At the very least, further pilot studies are essential to study fracking's safety and efficacy in the UK, designed and carried out by relevant, independent experts. After all, electricity generation based on wind-power was introduced without pilot studies. That now costs us billions of pounds and with no end in sight. This means of electricity production is very flawed by intermittency and myriad additional problems.
Pre-installation evaluation of wind turbines could have allowed much more rational policies for their application. They are not even Green when account is taken of greenhouse gases produced in manufacture alone.
The PM has now arbitrarily deprived the nation of petroleum from fracking, potentially vital as a source of energy, and of petroleum-derivatives, and evidently without due consideration.
In the national interest, Mr Sunak must think again.
Charles Wardrop, Perth
It is a basic tenet of our democracy that MSPs are meant to represent the wishes of the people. How does this square with Nicola Sturgeon's iron rule over her MSPs' voting intentions?
The recent debacle over the Gender Reform Act demonstrates that if MSPs are given their own choice, they do not always support government policies. The SNP's Shona Robison has now said there was “overwhelming support” for this bill but it is understood that other MSPs were not happy about the whip being installed, even in other parties.
This is not a democratic act by Holyrood and the fact it has to be forced through reinforces this. This is a sorry moment for Scottish democracy and the blame does not lie in Westminster this time, but Holyrood.
The big question is, why is Nicola Sturgeon so adamant that this bill must become law?
Gerald Edwards, Glasgow
Poor old players
Many football pundits and others have commented recently on the state of Scottish football and in particular the poor performances of our SPL teams in Europe. While most would agree that Ange Postecoglou has done an impressive job in turning around Celtic’s fortunes and Giovanni van Bronckhorst has also been impressive in guiding Rangers to a Europa League Final, both men have expressed concerns at the demands of persistently playing competitive matches twice per week, as has Robbie Neilson of Hearts.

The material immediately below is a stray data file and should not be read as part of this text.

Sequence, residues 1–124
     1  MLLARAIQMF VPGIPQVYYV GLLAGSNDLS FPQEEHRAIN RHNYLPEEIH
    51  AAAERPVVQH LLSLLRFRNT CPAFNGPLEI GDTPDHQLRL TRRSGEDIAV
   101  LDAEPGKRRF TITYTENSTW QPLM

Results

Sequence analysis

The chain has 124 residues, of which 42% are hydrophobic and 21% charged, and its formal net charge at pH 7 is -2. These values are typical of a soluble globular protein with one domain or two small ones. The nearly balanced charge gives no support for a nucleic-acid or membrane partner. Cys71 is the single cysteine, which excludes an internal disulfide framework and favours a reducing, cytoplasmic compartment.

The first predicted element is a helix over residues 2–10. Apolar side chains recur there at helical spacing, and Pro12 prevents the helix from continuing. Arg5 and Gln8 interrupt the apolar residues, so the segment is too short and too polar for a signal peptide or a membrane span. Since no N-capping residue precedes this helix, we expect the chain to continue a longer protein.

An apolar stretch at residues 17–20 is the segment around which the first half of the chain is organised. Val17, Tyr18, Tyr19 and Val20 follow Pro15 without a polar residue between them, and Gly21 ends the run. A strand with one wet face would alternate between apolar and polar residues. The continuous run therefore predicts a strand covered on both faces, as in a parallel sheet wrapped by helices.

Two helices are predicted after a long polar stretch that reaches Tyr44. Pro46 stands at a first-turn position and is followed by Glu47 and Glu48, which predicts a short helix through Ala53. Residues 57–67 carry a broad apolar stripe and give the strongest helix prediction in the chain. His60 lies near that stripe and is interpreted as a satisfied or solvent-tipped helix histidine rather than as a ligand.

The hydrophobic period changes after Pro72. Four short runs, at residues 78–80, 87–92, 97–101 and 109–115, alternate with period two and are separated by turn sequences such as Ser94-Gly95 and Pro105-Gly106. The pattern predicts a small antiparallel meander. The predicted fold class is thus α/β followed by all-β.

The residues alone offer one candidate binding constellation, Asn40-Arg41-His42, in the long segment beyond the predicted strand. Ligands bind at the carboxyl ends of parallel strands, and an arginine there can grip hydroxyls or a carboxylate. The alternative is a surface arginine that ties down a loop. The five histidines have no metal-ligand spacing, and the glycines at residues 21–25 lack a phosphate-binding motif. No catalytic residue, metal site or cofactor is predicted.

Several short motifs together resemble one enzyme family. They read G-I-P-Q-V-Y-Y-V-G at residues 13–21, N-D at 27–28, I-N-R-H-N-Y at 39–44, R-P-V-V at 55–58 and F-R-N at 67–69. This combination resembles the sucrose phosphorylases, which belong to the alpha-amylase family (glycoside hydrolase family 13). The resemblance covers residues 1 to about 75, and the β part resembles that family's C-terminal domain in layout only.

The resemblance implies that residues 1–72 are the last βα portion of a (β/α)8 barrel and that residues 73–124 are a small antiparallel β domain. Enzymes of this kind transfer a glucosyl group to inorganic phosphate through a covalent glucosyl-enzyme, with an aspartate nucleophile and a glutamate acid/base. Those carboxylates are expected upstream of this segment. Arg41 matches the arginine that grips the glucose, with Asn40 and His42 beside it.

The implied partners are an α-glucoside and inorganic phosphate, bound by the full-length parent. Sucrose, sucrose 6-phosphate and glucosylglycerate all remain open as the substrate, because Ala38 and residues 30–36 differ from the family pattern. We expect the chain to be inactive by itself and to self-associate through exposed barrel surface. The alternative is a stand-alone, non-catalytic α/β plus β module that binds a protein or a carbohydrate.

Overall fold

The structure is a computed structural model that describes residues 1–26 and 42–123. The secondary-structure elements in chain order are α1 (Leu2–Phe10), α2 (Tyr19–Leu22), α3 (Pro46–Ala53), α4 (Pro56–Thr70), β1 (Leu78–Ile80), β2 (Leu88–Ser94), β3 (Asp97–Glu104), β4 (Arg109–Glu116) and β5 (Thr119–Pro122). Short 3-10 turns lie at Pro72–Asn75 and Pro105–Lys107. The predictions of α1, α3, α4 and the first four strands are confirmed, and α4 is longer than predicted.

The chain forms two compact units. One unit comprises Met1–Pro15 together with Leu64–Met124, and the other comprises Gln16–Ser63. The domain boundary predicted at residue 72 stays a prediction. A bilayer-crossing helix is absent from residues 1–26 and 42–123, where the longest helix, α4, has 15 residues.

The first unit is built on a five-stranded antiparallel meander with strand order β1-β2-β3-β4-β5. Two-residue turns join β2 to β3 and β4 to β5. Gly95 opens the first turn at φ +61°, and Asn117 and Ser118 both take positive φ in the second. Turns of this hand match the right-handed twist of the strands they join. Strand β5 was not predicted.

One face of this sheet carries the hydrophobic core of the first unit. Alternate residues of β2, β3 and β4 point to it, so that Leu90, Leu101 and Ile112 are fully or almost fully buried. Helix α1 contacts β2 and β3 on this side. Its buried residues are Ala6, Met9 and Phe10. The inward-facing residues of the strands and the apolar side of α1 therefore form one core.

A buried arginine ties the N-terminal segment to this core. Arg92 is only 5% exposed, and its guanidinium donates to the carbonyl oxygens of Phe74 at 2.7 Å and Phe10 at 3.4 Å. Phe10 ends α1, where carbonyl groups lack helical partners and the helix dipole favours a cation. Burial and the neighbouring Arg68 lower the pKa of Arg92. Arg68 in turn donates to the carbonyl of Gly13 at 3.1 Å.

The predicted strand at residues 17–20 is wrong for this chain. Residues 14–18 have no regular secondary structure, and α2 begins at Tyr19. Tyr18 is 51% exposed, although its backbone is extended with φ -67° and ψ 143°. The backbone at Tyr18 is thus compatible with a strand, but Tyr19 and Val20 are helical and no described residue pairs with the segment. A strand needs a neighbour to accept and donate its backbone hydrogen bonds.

Clearly the physical and mental demands of the modern game are tough, especially when regularly travelling to stadia scattered across Europe, but although our teams are often playing there against teams with much greater financial resources, all of our teams have demonstrated that they can compete well when they have their best players, fit and in-form, to select from.
Regrettably, this is not always the case and this is where the top European clubs have a considerable advantage when some of their supposed “back-up players” have individually commanded transfer fees in excess of the cost of the entire squads of Scottish teams.
Most realists would agree that the sales of Bassey and Aribo were logical and represented good business for Rangers given the club’s still-fragile finances, but the catalogue of injuries to players in these key positions has not only caused Rangers to struggle but has increased the demands on other players in the squad. Goldson, Helander, Souttar, Lawrence, Haji, and Lowry are all currently not available to van Bronckhorst for selection, while versatile midfield players Jack and Kamara have struggled with injuries and other injured players, such as Morelos and Roofe, have still not returned to their best.
Is it any surprise in the circumstances that while all our teams have at times played great football, at other times they have fallen short of expectations and looked jaded or not “up-to-speed” with the game.
Although criticised at the time for saying so, an objective perspective on Scottish football would probably agree with van Bronckhorst that critics of our teams should be realistic and consider their relative resources before judging overall performance levels.
Perhaps before passing judgement on the managers of our teams relative to our high ambitions we all need to take a reality check?
Stan Grodynski, Longniddry, East Lothian